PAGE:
Wandering around the hospital Anise could feel the knots in her stomach and back. The last two weeks of her life had been a blur, first a dream vacation to study in person at the castle known to have housed and been the death of the Countess who so often consumed her thoughts. She had found the true burial site and had even been there to witness the Countess’s four hundredth birthday. The last week spent in the hospital had done little to help Anise remove the horror of the girls body from her mind. She knew why the girl had gone, and yet was so angry at how fascinated she was by her. There had been at least three flights Anise could have gotten to get her back home, back to the safety of her library and work, she missed them all. As she walked back to the girls room she couldn’t help but wonder why the girl had agreed to be sacrificed to a centuries dead countess. Beginning to feel weak, she walked back to the girls room.

    Anise looked closely at the girl lying in the bed. She was so young, so delicate. Her veins were easily seen, even from across the room. If you took away the tubes and machines she could almost be Sleeping Beauty. Dark chestnut hair resting in a sweaty halo around her face, lips somehow remaining cherry red. Anise brushed a strand away from the girls face and noticed that a note had been slipped into the sleeping beauty’s hand. “Tonight she’ll wake up. Please be prepared to help her. She won’t remember what happened at first. You have to bring her home. You have to protect her!”

    Anise slipped the piece of paper into her pocket, slightly disturbed at its presence and what it could mean. Surely this girl had a home here in Hungary, a family that was missing her? The note couldn’t have meant bringing her back to America, to the sparkling desert of Nevada. Sitting back Anise decided to sit and wait to see what happened. Checking her phone occasionally to respond to her professor, a tyrant livid she was still in Hungary yet not doing research, Anise needed the girl to wake up soon or else she’d have to leaver her alone to whatever fate would befall her.

    A sharp intake of breath startled her, Anise had fallen asleep in the chair. Rubbing sleep from her eyes she saw a figure leaving the room and figured it was a nurse. Standing and stretching she walked to the window across from the bed. Feeling how cool the glass was and how stuffy the room was she opened it, letting a fresh breeze envelope the room. The girl began to stir on the bed. The beeping from her machines was picking up pace and Anise heard the smallest moans escape her lips. Turning to face her for the first time as a living person Anise was suddenly nervous. Flushed with anticipation and expectation of solid answers that would come pouring from the girl as easily as Anise had poured her life into her. What happened next was still unbelievable, something that Anise would never forget.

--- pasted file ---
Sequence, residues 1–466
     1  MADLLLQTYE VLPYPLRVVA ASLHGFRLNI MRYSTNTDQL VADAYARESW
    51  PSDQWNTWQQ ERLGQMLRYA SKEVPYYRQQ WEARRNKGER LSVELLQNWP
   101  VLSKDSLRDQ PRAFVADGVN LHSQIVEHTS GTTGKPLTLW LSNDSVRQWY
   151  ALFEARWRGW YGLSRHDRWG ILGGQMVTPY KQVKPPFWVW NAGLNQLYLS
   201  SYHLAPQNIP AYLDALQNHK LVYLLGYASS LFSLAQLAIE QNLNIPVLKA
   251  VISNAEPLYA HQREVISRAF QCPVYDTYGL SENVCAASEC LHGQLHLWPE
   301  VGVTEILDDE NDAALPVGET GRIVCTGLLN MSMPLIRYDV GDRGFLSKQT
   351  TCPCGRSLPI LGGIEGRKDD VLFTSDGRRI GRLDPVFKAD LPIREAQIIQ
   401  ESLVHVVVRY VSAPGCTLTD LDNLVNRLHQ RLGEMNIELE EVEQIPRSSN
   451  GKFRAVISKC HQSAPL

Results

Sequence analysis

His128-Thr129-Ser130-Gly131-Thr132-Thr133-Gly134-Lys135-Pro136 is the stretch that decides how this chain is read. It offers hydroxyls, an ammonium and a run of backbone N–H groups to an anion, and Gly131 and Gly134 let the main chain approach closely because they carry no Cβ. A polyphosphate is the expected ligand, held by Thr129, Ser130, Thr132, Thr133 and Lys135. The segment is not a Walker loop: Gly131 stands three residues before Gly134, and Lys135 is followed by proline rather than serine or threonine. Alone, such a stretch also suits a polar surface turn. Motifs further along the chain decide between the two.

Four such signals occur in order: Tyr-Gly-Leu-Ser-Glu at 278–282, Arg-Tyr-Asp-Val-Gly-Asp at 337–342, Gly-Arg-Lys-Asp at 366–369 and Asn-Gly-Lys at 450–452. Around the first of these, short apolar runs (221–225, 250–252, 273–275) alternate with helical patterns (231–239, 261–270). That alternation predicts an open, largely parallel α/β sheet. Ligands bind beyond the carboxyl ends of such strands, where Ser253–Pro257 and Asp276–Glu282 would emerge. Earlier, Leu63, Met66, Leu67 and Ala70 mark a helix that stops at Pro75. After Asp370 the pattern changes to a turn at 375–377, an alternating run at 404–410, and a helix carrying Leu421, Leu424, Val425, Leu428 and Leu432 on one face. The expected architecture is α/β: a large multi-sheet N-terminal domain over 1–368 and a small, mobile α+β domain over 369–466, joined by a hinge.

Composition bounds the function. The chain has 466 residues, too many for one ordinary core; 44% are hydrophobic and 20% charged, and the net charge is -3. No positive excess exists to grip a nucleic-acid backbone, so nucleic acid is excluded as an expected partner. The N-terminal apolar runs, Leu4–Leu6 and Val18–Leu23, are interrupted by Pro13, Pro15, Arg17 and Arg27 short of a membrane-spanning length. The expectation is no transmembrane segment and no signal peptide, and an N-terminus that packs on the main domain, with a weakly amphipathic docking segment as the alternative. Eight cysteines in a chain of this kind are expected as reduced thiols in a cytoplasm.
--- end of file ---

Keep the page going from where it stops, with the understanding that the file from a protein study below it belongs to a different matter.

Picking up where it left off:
Once the girl fully woke up and regained her wits she turned to Anise and didn’t seemed frightened that before her stood a stranger who reeked of desperation and questions. The young sleeping beauty motioned to Anises’s glass, naturally she’d be thirsty after being comatose for so long. Handing the girl some water, and then helping her drink she noticed at how well healed she looked. Hardly any scars remained from where she’d been bled, and there was no sign of her traumatic blood loss.  Anise was shocked that the beeping of  the machines hadn’t already alerted the nurses. Poking her head out to see if anyone was nearby, she noticed how eerily quiet the hallway was.

    As they waited for the nurses or a doctor to come to them Anise sat nervously next to the girl, who laid on her bed with complete calm. She’d yet to ask where she was, or why she was there. After a few moments of silence that felt like hours to Anise she asked for the girls name.

    “Elizabeta.” was all the girl said. No last name attached, no middle name. She stared at Anise, her bright eyes glowing in her gentle face.

    “Elizabeta, do you remember what happened? Do you know where you are?” Anise stood next to her and gently held her hand, as if the gesture could somehow coax out answers that Anise believed the girl knew.

    “Kórház.” Hospital in Hungarian.

    “Yes, korhaz. Do you know why?”

    “Az áldozat,” Elizabeta knew some English, but most of her replies were in Hungarian. She knew she’d been taken to the hospital as a result of what she presumed to be a sacrificial rite. It was strange, no matter what Anise asked her, Elizabeta remained calm and willing to answer as best she could. The note that Anise felt in her pocket claimed she’d remember nothing, maybe she the note leaver was wrong? Or perhaps those who had hurt Elizabeta had underestimated what she had really gone through.
Comment Log in or Join Tablo to comment on this chapter...

A Journey to the Truth

Comment Log in or Join Tablo to comment on this chapter...

Answers Unearthed

Comment Log in or Join Tablo to comment on this chapter...

You might like BrainyHeroine's other books...